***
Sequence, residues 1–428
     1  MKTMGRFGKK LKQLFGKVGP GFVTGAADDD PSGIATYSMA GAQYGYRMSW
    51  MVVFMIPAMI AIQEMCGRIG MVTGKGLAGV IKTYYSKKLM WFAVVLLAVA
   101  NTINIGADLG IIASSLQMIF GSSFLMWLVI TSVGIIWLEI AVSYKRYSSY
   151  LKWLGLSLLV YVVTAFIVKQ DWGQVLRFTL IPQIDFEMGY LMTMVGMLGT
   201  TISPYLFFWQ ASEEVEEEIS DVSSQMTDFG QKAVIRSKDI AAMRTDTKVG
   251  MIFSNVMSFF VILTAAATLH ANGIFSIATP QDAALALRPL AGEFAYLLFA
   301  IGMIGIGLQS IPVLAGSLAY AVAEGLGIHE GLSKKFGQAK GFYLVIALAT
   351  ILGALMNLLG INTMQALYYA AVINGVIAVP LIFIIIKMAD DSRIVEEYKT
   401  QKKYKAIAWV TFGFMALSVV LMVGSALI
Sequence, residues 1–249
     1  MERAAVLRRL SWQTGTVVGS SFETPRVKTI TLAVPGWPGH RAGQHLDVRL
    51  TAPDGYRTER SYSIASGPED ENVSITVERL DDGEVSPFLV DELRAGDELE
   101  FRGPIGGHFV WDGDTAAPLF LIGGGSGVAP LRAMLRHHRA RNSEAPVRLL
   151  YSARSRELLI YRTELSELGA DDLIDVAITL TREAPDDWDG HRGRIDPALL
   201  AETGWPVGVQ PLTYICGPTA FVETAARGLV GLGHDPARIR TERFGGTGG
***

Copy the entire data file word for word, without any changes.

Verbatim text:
Sequence, residues 1–428
     1  MKTMGRFGKK LKQLFGKVGP GFVTGAADDD PSGIATYSMA GAQYGYRMSW
    51  MVVFMIPAMI AIQEMCGRIG MVTGKGLAGV IKTYYSKKLM WFAVVLLAVA
   101  NTINIGADLG IIASSLQMIF GSSFLMWLVI TSVGIIWLEI AVSYKRYSSY
   151  LKWLGLSLLV YVVTAFIVKQ DWGQVLRFTL IPQIDFEMGY LMTMVGMLGT
   201  TISPYLFFWQ ASEEVEEEIS DVSSQMTDFG QKAVIRSKDI AAMRTDTKVG
   251  MIFSNVMSFF VILTAAATLH ANGIFSIATP QDAALALRPL AGEFAYLLFA
   301  IGMIGIGLQS IPVLAGSLAY AVAEGLGIHE GLSKKFGQAK GFYLVIALAT
   351  ILGALMNLLG INTMQALYYA AVINGVIAVP LIFIIIKMAD DSRIVEEYKT
   401  QKKYKAIAWV TFGFMALSVV LMVGSALI
Sequence, residues 1–249
     1  MERAAVLRRL SWQTGTVVGS SFETPRVKTI TLAVPGWPGH RAGQHLDVRL
    51  TAPDGYRTER SYSIASGPED ENVSITVERL DDGEVSPFLV DELRAGDELE
   101  FRGPIGGHFV WDGDTAAPLF LIGGGSGVAP LRAMLRHHRA RNSEAPVRLL
   151  YSARSRELLI YRTELSELGA DDLIDVAITL TREAPDDWDG HRGRIDPALL
   201  AETGWPVGVQ PLTYICGPTA FVETAARGLV GLGHDPARIR TERFGGTGG